The fabric here is what I had for a while from my New York days. It is by the designer Anne Kelle (I think, but sadly I didn’t save the selvedge). It’s (again, I think) a jersey knit, which is very stable and nice to sew with. It didn’t have as much of a stretch (only 25%–so less than what the pattern asks for), but it worked in this case. I somehow like the fit more on him than her, but it could because the fabric is simply better quality.The pink ribbing is really nice and comes from here (something I have had for a while). The cuffs are wider than I had hoped them to be (I cut them wider than what the instructions asked for, but I didn’t go back and check). Rae’s instructions are impecceable and worth following closely if you are making it for the first time. The tee turns out exactly as she describes it to be -a really slim, and fitting shirt , which means it is important to follow the chest size and sew accordingly. dsc_0061M is growing so quickly, that in all honestly I am not sure for how long he will wear it. But right now it’s perfect. And, while he doesn’t seem to have noticed his new clothes we are all oohing-and aahing over how nice they are.dsc_0016So that’s about from me. The year is almost over. It feels like much has happened, but that is for a different post. I still miss Christmas in New York and going to Chinatown for our Christmas dinner, even more so this year than before. But well, for now we are still here–in Pune and Delhi. I hope you have happy holidays and a good beginning to the new year. Thank you for visiting.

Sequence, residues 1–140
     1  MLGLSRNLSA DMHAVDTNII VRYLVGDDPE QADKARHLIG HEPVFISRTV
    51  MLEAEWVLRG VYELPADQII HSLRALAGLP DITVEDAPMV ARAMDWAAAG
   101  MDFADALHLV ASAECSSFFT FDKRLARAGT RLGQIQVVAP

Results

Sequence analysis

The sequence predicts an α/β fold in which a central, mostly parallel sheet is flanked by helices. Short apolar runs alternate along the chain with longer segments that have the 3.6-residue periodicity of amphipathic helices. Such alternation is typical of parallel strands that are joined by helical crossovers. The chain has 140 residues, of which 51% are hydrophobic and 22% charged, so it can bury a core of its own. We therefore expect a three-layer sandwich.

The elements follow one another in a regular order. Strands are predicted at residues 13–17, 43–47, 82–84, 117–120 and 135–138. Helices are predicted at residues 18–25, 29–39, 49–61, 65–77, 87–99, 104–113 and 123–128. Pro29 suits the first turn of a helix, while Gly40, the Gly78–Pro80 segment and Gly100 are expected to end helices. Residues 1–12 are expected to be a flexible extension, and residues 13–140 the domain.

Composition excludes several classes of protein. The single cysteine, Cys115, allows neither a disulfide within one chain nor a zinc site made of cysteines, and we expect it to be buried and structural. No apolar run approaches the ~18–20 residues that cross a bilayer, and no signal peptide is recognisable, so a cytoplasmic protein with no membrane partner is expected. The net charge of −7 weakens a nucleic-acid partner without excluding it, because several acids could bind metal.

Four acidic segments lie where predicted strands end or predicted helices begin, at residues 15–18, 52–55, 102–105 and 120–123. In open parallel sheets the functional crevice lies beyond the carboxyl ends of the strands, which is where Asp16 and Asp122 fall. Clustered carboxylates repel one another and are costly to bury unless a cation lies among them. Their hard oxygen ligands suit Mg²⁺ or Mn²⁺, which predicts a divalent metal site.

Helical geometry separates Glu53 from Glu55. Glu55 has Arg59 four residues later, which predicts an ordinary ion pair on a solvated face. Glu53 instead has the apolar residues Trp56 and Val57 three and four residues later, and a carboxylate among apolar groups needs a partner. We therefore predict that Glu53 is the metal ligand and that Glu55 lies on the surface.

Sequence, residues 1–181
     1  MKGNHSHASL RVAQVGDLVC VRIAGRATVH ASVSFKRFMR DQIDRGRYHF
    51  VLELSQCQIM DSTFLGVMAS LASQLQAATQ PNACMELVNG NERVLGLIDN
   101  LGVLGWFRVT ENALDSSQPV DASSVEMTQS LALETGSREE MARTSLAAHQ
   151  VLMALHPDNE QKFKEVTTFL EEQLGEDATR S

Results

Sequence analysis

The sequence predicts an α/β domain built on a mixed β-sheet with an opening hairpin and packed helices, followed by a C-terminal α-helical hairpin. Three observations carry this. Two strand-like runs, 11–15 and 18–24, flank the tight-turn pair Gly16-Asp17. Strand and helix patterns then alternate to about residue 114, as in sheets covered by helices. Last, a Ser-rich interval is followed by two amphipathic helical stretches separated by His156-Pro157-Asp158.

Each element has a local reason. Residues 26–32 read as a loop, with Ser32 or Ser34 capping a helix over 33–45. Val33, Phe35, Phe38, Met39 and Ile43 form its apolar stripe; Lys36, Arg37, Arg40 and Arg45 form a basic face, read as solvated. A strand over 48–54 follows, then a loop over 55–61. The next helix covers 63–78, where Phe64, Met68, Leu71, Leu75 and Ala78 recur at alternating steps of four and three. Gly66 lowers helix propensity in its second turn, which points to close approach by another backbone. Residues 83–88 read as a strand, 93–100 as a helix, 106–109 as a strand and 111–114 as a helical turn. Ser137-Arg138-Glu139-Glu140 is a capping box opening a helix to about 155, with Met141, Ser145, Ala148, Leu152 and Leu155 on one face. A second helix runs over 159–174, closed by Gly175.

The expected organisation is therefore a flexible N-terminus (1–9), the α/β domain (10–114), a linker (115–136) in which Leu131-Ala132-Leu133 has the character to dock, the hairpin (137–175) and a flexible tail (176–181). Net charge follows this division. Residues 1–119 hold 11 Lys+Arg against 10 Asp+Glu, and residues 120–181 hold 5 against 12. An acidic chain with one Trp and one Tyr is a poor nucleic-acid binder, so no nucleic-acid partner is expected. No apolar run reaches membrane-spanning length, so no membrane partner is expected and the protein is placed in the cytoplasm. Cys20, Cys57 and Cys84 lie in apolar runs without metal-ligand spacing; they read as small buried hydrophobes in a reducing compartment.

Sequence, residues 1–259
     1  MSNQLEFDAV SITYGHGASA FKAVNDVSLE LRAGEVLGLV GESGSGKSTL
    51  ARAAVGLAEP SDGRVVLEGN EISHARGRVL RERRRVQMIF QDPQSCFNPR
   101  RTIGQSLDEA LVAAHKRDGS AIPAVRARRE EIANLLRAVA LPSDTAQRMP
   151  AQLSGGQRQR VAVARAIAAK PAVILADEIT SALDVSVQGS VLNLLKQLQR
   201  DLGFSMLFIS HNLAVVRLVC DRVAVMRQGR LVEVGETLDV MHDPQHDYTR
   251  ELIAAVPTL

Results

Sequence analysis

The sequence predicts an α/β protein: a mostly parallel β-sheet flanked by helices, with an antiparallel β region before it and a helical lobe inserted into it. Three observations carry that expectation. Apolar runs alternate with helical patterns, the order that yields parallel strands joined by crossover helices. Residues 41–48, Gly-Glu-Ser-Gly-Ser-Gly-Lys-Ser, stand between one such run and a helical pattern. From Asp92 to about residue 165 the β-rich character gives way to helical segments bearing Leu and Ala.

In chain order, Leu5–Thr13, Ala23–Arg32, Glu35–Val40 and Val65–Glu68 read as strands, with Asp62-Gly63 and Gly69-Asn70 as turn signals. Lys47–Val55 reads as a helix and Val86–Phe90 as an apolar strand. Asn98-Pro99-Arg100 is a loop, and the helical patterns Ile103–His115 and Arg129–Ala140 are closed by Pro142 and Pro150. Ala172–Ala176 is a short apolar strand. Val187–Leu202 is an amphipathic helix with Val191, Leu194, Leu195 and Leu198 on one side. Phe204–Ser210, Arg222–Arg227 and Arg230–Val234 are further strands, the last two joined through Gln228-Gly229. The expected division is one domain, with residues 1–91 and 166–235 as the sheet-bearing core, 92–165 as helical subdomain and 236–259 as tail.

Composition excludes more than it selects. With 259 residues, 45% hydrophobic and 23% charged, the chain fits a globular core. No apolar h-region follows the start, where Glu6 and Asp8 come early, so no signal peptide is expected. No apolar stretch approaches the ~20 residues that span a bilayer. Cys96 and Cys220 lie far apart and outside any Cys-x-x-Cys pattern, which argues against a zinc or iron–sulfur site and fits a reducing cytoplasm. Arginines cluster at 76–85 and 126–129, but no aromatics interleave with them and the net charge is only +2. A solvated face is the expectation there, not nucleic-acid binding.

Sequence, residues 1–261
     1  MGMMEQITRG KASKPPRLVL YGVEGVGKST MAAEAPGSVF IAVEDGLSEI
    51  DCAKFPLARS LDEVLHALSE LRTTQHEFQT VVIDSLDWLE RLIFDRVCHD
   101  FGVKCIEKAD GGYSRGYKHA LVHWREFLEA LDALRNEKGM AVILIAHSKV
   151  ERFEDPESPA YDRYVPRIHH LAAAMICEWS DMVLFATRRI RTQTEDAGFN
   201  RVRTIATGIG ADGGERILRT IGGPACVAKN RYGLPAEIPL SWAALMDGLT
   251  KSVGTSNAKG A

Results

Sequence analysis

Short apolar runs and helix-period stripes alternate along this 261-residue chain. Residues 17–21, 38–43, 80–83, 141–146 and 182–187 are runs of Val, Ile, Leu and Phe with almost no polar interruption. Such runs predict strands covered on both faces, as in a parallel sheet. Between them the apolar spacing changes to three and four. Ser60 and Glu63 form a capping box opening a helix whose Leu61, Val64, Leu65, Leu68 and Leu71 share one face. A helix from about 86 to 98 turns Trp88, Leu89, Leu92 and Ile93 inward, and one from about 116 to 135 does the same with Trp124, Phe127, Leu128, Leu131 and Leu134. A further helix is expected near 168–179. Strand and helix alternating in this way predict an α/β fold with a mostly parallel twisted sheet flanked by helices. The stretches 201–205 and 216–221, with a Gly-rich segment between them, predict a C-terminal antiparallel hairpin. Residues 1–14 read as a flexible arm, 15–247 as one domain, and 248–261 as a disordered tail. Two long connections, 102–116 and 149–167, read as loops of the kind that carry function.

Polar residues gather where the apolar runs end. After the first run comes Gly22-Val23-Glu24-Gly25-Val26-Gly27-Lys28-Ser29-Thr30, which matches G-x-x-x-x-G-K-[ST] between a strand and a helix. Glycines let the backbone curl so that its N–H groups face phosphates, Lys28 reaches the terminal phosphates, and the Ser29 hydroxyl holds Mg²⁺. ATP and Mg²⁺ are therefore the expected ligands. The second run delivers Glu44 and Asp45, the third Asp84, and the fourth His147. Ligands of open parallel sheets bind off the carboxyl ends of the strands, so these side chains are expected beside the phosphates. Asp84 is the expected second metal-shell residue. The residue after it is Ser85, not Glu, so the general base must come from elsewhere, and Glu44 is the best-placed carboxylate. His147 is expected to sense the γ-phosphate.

Asmita/xx

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A few weeks ago I saw Gail’s post on the mini Southport dress. Her version is lovely, the fabric choice for the pattern is as always spot on, and I was reminded that not only had I bought the pattern but also traced it out.

N went  away last week (on yet another trip–a school trip this time–without parents!) and with a little bit of extra time on my hand I was able to finish this.